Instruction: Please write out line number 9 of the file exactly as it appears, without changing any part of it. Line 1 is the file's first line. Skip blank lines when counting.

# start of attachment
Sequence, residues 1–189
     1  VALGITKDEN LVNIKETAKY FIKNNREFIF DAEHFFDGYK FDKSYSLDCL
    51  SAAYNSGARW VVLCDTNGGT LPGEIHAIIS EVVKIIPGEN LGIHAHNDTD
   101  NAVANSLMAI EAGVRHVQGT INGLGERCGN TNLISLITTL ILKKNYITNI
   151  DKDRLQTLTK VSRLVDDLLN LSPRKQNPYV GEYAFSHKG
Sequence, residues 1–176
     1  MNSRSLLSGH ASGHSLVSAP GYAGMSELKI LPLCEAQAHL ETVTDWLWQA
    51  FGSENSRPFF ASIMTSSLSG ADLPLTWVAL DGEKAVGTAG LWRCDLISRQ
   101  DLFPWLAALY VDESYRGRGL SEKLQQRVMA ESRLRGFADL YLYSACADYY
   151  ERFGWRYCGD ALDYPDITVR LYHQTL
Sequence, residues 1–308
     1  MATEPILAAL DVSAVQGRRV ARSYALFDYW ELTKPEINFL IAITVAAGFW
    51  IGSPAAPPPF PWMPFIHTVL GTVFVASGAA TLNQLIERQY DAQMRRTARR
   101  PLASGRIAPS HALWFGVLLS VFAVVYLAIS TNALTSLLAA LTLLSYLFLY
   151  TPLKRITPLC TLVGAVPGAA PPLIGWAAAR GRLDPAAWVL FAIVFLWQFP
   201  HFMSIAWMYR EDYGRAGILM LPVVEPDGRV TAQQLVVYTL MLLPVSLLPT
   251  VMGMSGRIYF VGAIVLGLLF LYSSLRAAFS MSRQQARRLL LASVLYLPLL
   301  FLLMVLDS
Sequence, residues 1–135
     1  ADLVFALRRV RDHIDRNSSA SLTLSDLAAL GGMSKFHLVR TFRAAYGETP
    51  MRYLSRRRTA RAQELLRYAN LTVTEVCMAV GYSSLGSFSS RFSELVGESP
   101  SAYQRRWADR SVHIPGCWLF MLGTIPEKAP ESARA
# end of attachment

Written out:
   101  DLFPWLAALY VDESYRGRGL SEKLQQRVMA ESRLRGFADL YLYSACADYY